While national politics tends to generate the most fervent discussion, nothing has more effect on your everyday life than the local brand of politics – from the decisions made at the State House that affect state law to the impacts that result from your local town and city council meetings.
While national politics maintains a reputation of being a pay-to-play kind of game that has long prevented everyday Americans from pursuing any interest in making a play for the political world, local politics is where you can seek to make a change within the most important community to you – your own.
This is why it is disheartening to read reports showing that one third of seats in the Rhode Island General Assembly will go forward through primary and election season this year without so much as a dark horse challenger. Incumbents will be able to literally sign their names, show up and get the job, without the need to sell people on their aspirations or values they will bring to the arena.
Fair, accurate elections are the backbone to any healthy democracy, and the ability for people to choose their representatives via a vote is the blood supply. We weaken the democratic process when we do not force a debate of ideas and values between two political challengers. Not doing so may breed apathy and complacency within that representative, which is a great recipe for bad government.
In Warwick’s case, two Representatives are going unchallenged this election season. One of those, K. Joseph Shekarchi, holds a leadership position. Regardless of whether or not you believe Shekarchi has dedicated the time necessary to perform dutifully as a public servant – and we believe he has – is besides the point. Shekarchi, and all candidates for office, should be continually challenged by the voters to prove why they deserve to continue representing their interests.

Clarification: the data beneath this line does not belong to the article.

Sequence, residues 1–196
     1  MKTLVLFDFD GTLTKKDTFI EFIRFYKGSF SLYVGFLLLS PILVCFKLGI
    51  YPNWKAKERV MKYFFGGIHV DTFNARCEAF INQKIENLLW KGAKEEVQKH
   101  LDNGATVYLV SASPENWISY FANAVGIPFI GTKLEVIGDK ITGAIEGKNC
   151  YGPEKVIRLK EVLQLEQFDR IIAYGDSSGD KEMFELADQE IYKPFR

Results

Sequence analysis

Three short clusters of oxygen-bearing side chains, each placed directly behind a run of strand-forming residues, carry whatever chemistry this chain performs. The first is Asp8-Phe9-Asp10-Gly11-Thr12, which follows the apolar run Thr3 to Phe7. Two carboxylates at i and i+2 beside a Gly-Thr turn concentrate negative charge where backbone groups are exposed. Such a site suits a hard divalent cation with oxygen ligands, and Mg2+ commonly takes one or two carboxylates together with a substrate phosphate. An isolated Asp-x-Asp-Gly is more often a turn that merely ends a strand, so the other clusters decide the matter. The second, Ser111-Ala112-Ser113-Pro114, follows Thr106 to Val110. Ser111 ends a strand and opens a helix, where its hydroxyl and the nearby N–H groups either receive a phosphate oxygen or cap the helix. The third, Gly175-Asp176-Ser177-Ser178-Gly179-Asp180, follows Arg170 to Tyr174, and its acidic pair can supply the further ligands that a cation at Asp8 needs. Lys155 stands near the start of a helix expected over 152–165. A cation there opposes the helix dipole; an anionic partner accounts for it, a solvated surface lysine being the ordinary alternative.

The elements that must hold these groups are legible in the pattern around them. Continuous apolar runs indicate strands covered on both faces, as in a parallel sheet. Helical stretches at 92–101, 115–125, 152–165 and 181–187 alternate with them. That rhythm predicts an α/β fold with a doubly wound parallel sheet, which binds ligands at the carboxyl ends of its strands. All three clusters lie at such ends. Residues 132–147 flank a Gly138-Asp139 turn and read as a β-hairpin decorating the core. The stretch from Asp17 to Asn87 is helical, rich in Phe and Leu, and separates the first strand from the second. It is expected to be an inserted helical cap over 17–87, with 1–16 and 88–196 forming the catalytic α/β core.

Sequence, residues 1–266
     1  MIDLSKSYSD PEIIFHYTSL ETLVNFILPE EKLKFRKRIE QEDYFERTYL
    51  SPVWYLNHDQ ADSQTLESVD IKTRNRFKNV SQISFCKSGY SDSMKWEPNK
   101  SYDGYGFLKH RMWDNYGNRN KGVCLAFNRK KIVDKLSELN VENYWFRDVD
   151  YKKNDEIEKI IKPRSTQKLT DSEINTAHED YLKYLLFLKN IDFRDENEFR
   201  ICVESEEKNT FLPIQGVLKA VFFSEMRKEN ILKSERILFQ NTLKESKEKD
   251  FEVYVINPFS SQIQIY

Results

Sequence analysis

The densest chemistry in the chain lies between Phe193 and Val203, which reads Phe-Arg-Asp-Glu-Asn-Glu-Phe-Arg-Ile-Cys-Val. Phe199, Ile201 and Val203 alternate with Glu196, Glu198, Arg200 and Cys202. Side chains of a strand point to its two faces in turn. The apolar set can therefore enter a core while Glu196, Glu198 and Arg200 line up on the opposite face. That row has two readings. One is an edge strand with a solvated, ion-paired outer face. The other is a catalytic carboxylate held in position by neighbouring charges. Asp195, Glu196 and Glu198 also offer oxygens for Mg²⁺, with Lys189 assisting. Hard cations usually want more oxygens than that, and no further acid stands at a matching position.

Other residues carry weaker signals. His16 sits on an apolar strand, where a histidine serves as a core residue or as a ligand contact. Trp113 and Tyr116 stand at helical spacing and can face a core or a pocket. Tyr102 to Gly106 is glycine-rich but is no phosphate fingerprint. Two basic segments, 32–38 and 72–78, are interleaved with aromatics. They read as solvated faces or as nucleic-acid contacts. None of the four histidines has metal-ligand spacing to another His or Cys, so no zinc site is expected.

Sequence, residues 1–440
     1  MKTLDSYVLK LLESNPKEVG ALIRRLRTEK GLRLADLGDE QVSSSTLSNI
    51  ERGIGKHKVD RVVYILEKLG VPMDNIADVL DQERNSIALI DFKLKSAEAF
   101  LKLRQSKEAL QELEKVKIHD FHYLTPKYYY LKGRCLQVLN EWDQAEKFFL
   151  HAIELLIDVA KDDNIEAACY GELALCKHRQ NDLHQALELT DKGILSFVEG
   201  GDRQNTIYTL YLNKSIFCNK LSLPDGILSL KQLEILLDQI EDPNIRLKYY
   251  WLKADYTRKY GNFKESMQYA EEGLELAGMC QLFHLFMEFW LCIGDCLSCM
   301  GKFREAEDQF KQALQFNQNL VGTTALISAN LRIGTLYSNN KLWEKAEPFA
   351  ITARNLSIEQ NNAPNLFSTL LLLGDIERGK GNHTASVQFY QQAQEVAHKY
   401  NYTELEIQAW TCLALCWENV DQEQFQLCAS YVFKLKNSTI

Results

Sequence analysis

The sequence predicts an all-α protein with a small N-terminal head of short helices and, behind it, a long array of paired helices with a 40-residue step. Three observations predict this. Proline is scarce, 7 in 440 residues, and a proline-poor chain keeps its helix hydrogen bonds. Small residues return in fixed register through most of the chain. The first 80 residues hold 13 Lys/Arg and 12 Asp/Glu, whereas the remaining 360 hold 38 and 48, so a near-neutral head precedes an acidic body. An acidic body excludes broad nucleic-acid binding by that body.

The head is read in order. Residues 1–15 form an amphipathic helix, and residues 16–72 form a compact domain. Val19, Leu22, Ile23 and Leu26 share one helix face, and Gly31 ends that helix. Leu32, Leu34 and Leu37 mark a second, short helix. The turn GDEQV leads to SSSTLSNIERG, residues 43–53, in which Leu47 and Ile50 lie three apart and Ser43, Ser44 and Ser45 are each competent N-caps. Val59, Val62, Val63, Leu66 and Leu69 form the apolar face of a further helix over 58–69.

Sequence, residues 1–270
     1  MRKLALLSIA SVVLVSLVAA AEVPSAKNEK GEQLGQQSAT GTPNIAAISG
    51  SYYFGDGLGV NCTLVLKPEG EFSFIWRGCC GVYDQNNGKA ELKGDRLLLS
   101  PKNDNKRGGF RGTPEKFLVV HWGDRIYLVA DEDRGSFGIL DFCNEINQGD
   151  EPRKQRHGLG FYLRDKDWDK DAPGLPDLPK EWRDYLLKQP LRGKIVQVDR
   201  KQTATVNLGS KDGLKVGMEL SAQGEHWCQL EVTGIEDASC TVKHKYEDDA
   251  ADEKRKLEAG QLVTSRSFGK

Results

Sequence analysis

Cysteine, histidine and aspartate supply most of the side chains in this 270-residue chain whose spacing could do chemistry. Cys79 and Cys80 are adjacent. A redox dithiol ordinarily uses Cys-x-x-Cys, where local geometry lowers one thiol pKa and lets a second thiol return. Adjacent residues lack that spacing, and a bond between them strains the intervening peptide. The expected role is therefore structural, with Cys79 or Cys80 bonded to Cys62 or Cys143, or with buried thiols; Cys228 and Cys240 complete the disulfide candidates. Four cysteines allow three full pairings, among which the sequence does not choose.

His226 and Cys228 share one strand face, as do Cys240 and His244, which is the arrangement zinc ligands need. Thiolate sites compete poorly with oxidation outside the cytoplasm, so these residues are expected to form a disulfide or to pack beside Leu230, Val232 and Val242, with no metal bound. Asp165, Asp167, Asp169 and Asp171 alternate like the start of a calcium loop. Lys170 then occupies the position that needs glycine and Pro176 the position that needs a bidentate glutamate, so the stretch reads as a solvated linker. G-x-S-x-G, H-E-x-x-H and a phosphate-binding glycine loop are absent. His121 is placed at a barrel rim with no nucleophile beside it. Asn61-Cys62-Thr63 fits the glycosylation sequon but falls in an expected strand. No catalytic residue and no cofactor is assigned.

At the local level in Warwick, only three of nine seats on the City Council are contested, meaning that 66 percent of the current members on the council are guaranteed another two years as part of the highest legislative office the city offers simply by signing their names. We believe that more should be required of an aspiring candidate than merely volunteering for the position.
It is, of course, not the fault of unopposed representatives and municipal-level politicians that they do not face a challenger. However, it seems almost impossible that within districts comprising thousands of people – many of whom are at least politically active in the way of keeping up to date on current events and have plenty of opinions to provide online – there is not one other solitary person willing to step up and challenge an incumbent, even if they believe they don’t really have a good chance at winning.
We have already witnessed the potential power of grassroots campaigns led by unlikely candidates. In 2016, Bernie Sanders amassed a rabid following that narrowly lost in the primaries to political powerhouse Hillary Clinton, who was aided in no shortage of ways from the Democratic Party machine. Just this past month, Bronx-based political newcomer Alexandra Ocasio-Cortez beat Democratic incumbent and huge favorite Joseph Crowley, the chair of the Democratic Caucus.
These happenings do not appear to be outlying exceptions to the rule, rather they may be indicative of a new generation of voters coming of political age – a generation that pays attention to social media and is more concerned with ideals rather than how much money a politician can raise to run attack ads against their challengers. Such runs for office, even if not successful, are hugely beneficial to our democracy as a whole – they generate excitement about the process and force discussions.
If that hypothesis rings true and more people become involved in politics, then there should be a swath of new interest in local politics, as more people come to realize how much of an influence they can have on their local communities by simply standing up and becoming involved. As our current primary season indicates, it may be as simple as volunteering for the job to get a chance to show why you deserve it.